By Duncan Dodson
When I go home and reminisce with family about road trips we took or embarrassing moments they facilitated, eventually we’ll disagree on “what actually happened.” We’re all so certain—our memories unfold vividly yet contrarily. It’s clear the past can be subjective, but why is this so?
As part of Duke University’s Brain Awareness Week, I went to a talk at Fullsteam Brewery on imagining alternate realities by Dr. Felipe De Brigard, Assistant Professor of Philosophy and member of Center for Cognitive Neuroscience. De Brigard began by discussing studies of patients with hippocampal atrophy (as in amnesia, PTSD, and severe depression) struggling to place themselves in both the future and the past. Their impoverished answers contrast with those of healthy controls, suggesting a link between areas of the brain accessed for recalling the past and picturing the future.
De Brigard buttressed this by displaying fMRI neural images of parts of the brain used when imagining future events and evoking memories. These parts encompass the default network: a system of functions and firings executed when the brain is not engaged in a specific task. Evidence shows the default network allows engagement in “mental time travel” or the projection of oneself into the future or onto the singular, objective past. This assumption leads to temporal asymmetry: only one past exists with which the imagination can corroborate yet it can visualize limitless possibilities.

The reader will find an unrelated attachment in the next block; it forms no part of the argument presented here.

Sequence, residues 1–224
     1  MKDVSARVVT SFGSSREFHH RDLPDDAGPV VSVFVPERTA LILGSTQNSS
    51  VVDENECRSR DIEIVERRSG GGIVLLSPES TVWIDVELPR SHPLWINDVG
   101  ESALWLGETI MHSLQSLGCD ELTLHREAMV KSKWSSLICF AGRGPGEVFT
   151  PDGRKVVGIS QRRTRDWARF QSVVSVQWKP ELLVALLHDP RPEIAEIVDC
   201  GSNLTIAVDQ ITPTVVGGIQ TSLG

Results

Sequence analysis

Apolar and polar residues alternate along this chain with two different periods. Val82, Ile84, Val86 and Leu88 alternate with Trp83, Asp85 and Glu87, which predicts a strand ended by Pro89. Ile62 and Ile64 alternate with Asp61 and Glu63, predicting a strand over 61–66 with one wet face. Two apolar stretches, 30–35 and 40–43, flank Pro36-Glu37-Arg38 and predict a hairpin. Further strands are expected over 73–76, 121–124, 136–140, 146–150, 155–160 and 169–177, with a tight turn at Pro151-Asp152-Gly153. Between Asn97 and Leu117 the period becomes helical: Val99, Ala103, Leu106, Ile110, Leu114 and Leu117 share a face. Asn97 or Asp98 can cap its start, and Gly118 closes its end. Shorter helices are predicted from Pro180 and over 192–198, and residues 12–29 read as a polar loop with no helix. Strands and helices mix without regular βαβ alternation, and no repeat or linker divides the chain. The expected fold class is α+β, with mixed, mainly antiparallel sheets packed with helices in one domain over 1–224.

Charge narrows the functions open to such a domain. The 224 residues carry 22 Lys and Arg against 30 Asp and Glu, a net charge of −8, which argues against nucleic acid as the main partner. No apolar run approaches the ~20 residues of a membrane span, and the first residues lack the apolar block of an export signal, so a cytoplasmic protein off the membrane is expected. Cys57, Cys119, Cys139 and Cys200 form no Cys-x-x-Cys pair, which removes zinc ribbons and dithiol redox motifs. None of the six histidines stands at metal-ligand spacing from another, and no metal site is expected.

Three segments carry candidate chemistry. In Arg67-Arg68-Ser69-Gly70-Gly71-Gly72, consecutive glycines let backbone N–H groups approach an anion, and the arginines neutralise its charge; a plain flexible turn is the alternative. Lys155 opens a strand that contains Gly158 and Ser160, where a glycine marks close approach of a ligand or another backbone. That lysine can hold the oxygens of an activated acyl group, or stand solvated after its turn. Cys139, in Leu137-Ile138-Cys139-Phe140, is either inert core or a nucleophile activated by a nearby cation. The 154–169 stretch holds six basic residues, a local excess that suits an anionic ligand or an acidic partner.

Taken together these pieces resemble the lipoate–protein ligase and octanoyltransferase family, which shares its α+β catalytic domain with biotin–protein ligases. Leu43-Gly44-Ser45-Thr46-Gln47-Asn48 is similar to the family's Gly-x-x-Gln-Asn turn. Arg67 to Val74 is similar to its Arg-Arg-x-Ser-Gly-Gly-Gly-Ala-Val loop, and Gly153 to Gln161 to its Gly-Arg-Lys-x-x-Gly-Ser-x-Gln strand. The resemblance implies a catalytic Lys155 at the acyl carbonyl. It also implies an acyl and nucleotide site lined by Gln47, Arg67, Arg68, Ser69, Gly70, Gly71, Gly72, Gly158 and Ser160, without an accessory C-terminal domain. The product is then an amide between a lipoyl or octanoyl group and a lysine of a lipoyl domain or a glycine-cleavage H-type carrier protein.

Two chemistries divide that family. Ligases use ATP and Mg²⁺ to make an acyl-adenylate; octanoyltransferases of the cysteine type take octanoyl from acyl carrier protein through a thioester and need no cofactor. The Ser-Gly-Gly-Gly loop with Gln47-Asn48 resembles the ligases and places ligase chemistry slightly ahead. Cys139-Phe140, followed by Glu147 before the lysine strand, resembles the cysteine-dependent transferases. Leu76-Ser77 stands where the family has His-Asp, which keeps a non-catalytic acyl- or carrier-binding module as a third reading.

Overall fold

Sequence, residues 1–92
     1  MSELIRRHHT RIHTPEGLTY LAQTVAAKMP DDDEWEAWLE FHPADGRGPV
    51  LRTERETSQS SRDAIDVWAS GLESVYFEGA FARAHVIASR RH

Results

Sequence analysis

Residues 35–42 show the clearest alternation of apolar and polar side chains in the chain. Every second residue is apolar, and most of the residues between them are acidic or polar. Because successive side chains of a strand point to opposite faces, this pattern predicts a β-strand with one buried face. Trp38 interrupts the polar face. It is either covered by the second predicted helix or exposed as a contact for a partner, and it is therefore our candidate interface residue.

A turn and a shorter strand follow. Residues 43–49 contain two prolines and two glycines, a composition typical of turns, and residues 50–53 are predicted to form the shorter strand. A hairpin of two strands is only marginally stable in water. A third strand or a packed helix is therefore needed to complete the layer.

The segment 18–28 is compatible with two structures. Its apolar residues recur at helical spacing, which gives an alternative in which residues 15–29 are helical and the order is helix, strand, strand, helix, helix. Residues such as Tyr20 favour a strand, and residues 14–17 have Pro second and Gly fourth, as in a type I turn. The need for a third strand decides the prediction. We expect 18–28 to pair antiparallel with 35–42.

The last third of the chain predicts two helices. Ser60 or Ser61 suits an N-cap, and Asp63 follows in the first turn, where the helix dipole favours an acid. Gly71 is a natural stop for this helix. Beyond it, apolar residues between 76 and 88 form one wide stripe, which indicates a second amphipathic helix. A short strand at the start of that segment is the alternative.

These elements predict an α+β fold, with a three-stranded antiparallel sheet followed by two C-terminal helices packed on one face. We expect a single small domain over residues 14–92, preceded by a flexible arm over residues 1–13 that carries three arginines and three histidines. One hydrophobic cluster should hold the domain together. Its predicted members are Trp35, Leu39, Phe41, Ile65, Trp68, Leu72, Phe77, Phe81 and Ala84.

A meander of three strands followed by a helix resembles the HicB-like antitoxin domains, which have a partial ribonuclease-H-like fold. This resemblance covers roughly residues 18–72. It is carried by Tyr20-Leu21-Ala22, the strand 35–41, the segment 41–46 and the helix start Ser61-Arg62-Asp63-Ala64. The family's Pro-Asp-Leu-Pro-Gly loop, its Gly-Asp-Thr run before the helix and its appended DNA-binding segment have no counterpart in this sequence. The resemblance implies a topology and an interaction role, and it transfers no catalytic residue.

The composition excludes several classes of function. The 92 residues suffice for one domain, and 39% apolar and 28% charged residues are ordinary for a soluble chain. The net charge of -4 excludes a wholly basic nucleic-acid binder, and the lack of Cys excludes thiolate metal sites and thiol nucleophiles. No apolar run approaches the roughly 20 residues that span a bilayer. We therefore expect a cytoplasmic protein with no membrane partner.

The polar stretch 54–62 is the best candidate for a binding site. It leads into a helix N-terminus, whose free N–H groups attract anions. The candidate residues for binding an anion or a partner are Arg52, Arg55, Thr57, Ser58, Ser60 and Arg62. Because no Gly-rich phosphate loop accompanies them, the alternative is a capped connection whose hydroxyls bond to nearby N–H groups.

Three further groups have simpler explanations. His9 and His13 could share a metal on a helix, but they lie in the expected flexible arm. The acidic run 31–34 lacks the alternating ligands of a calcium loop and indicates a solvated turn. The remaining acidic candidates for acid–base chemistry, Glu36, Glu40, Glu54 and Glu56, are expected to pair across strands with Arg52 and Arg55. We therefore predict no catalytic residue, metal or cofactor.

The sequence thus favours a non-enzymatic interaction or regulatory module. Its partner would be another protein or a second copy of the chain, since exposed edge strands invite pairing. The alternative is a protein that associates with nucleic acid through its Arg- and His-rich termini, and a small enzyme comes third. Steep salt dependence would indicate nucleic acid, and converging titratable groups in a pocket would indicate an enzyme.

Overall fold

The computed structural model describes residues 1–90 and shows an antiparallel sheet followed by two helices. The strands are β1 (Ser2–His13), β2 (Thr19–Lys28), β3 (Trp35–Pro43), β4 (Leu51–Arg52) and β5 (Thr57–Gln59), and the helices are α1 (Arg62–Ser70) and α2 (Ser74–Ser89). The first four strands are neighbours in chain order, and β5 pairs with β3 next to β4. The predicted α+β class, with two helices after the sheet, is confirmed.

De Brigard challenged this view: what if the default network works in both directions? He argues that the parts of the brain used for imagining possible futures also allow us to conceive potential outcomes in our past that did not occur, the process of counterfactual thinking. He has found that when contemplating an alternative reality considered likely to have occurred, the brain behaves as if it were remembering. Memory is not haphazard reproduction but probabilistic reconstruction — our memory is constantly rebuilding the past with both fact and what are likely facts, and frequently the distinction is blurred.
“Perhaps we should cut Brian Williams a little slack?” De Brigard chuckled. Ample evidence shows that engagement in especially rich and detailed counterfactual thinking can increase the probability of constructing — and believing the authenticity of — false memories.
More intriguing than pardoning Williams are potential contributions to treatment of anxiety, depression, and PTSD. A common debilitating trigger among these disorders is repetitive counterfactual thinking, “I shouldn’t have said that, I shouldn’t have said that.” Perhaps with further study on the default network and its relationship to autobiographical contemplations, neuroscientists might develop tools to alter the pathways or functionality of the default network.
As for my family, they have some major counterfactual thinking patterns to alter; my memory is immaculate.